Judging from the reaction in certain sectors of society when bail is granted to an accused arraigned on one or more counts involving serious offences, the granting of bail and the bail amount posted, is often equated with punishment while the latter only enter the equation after the trial when the court must decide what punishment would be just in the circumstances of the case. Probably due to the fact that many in society are not aufait (knowledgeable) with the law, coupled with the fact that courts are bound by legal principles and rules of law, sight is often lost of the basic purposes of bail namely, that where it is not necessary to keep an accused detained pending finalisation of his case, he may be released on bail.
In determining whether or not to grant bail, the court is required to balance competing interests. On one hand, the court must not unnecessarily keep an accused in detention, who might later be found not guilty for lack of evidence, while on the other hand, due consideration must be given to the risk of harm posed to the community if such person were to be released, or that he may reoffend or fail to appear before the court if not held in custody. The court thus has to balance the individual liberties of the accused against the interests of any victims, the effective administration of the criminal justice system, and the safety of the wider community. The difficult task is often harmonised by the granting of bail, but in addition, to attach conditions to ensure the accused’s reappearance for trial. Stringent conditions such as regular reporting to the police or a complete prohibition on travelling could be attached, all of which are aimed at making it difficult for the accused to abscond after being admitted to bail. There are however no guarantees, and as history has shown, even where bail had been set very high and coupled with impeding conditions, the accused notwithstanding, absconded.
On the contrary, there are also instances where the accused is charged with one or more serious offences like rape and murder for which he is merely warned to attend proceedings, and then stands trial. Though these cases are rare and not the norm, it notwithstanding shows that there are no hard and fast rules when it comes to the question whether bail should be granted or not, as each case must be decided on its own facts.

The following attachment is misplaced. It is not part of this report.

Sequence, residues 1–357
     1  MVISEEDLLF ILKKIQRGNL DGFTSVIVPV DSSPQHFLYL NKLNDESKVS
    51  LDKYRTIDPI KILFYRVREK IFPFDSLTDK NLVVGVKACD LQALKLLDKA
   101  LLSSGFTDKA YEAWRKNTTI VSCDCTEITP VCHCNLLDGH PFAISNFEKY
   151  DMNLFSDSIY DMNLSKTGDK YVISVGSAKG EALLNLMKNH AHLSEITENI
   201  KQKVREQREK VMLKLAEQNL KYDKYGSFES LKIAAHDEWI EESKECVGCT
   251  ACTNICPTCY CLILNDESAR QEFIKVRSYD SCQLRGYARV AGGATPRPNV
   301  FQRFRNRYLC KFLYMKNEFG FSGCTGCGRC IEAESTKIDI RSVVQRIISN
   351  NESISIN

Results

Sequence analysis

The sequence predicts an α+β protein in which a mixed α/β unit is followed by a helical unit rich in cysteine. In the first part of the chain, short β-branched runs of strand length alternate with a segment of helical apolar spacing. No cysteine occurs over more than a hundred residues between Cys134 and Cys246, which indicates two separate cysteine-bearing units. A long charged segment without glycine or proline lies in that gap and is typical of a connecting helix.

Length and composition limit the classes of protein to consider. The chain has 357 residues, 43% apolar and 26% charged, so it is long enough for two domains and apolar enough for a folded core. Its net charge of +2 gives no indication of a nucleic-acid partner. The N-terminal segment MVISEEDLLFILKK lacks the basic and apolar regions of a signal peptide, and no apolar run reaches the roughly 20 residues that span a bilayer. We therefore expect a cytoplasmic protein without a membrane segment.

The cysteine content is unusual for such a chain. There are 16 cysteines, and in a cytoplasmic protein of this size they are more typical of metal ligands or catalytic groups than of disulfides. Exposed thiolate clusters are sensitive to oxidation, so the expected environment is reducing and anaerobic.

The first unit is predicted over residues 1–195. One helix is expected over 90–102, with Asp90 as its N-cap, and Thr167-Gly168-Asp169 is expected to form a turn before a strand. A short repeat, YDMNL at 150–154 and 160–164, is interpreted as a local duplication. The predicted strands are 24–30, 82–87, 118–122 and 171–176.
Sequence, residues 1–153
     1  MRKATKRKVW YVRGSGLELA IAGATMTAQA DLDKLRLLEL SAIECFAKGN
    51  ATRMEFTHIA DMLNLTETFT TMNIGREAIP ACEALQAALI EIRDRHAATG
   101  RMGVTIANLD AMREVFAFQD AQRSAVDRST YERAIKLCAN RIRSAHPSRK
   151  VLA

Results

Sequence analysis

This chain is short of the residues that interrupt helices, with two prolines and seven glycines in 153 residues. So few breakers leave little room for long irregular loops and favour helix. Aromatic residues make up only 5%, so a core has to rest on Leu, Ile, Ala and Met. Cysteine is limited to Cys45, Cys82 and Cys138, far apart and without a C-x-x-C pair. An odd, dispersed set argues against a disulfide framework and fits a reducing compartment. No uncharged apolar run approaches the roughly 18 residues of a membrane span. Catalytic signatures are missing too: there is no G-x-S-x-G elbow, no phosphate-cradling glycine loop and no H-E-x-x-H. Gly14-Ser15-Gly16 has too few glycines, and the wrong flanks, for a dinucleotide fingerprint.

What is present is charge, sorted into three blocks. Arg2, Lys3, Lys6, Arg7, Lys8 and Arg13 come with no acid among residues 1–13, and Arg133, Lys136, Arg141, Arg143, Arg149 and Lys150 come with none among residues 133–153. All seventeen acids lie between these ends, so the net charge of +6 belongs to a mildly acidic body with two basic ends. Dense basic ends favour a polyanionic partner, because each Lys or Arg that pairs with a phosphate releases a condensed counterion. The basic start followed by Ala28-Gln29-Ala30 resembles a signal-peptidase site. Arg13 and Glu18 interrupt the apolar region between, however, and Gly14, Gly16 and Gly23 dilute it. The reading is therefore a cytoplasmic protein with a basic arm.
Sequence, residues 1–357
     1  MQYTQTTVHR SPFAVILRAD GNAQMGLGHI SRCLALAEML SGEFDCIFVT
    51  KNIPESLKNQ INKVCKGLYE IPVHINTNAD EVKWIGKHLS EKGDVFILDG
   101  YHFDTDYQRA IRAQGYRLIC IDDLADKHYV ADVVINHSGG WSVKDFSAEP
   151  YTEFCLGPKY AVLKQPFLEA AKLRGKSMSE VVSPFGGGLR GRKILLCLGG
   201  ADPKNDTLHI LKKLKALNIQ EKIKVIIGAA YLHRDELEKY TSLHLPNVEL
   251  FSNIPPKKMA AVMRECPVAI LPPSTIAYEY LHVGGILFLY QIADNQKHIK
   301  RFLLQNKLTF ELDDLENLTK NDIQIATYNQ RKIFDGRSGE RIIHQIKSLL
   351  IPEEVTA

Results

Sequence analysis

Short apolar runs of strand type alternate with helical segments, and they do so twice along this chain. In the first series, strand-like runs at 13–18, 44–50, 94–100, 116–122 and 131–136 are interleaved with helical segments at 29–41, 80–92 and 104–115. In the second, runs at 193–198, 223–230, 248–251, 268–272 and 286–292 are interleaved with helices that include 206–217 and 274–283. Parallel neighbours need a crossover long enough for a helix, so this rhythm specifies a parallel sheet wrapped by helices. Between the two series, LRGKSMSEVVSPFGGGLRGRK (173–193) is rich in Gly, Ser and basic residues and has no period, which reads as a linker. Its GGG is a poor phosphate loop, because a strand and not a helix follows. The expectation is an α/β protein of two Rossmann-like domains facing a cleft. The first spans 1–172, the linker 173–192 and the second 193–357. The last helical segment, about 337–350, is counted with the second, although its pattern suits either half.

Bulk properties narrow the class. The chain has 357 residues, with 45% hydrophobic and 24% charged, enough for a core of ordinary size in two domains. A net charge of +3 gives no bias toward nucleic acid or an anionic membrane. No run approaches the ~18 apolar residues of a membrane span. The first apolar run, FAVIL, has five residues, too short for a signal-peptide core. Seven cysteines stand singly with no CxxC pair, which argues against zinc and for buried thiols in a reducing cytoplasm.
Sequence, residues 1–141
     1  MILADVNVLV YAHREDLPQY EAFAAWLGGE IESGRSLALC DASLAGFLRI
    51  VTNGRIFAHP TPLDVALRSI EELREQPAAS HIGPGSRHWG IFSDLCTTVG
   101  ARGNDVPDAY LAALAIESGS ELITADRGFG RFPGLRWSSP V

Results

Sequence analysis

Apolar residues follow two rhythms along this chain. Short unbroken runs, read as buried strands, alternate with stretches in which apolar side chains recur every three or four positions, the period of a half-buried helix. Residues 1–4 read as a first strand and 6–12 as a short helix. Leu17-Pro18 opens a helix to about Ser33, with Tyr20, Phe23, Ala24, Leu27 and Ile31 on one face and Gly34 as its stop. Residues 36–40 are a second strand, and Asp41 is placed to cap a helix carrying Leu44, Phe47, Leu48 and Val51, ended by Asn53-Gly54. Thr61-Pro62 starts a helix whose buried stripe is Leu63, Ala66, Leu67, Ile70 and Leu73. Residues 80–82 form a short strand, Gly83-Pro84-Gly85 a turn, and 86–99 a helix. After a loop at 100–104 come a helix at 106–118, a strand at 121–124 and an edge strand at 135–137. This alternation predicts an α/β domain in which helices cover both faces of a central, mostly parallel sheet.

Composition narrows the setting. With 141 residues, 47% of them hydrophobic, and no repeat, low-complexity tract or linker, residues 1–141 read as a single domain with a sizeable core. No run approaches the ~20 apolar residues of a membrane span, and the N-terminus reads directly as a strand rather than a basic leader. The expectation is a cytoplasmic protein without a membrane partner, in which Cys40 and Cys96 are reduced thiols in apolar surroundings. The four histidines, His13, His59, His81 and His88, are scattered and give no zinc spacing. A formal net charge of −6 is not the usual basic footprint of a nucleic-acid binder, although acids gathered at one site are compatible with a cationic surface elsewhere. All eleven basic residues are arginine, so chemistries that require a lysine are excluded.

The underlining principle in the bail process is the presumption of innocence, which is fundamental to criminal law, and states that every person is presumed innocent until proven guilty by a court of law. The presumption of innocence is an important part of the rule of law and is enshrined in our Constitution in Article 12(1)(d) in that it guarantees the right to a fair trial, while Article 7 recognises the protection of liberty and states that no person shall be deprived of personal liberty, except according to procedures established by law. An inquiry by the court as to whether or not the accused must be granted bail is one such procedure envisaged in the Constitution. It is settled law that an accused has the right to apply for bail, but is not per se entitled to be admitted to bail. The presumption of innocence thus operates in favour of an accused (even where there is a strong prima facie case against him).
However, such rights are not absolute. Though a bail inquiry is deemed as pre-trial proceedings, the courts have held that the presumption of innocence operates both in bail proceedings and in the trial itself. I pause here to observe that bail proceedings are handed up into evidence during the main trial in order to show that the accused had given previous inconsistent evidence or contradicted himself, which could be valuable for the opposing party during cross-examination. When dealing with an unrepresented accused, it should however be borne in mind that the court, in order to ensure that the accused be given a fair trial, must inform the accused that he is not obliged to give self-incriminating evidence and may elect to remain silent.
Over the years, it has been established that an applicant in a bail application bears the onus of showing on preponderance of probability why he should be released on bail. Such onus does not violate an accused’s right to liberty and whereas the right to be released on bail is not entrenched in the Constitution, the placing of the onus on the accused is accordingly not unconstitutional in terms of Article 7 or 10. Accordingly, the State need only to prove a lawful arrest where after the accused has to satisfy the court on a balance of probabilities why he should be admitted bail namely, that he will not abscond, tamper with State witnesses and will not interfere with the general administration of justice.
The process of bail is governed by Section 60 of the Criminal Procedure Act 51 of 1977 by which an accused, who is in custody in respect of any offence, may apply to the court to be released on bail in respect of such offence, while the court under Section 61 of the Act is permitted to refuse bail on grounds of public interest and the interest of the administration of justice, the latter finding application even where the accused has proved to the satisfaction of the court that it is unlikely that he will abscond, interfere with any witnesses for the prosecution or with the police investigation.
• This article is an excerpt from a paper delivered by Judge Christi Liebenberg at the recently concluded First National Judicial Conference held at a local hotel in Windhoek.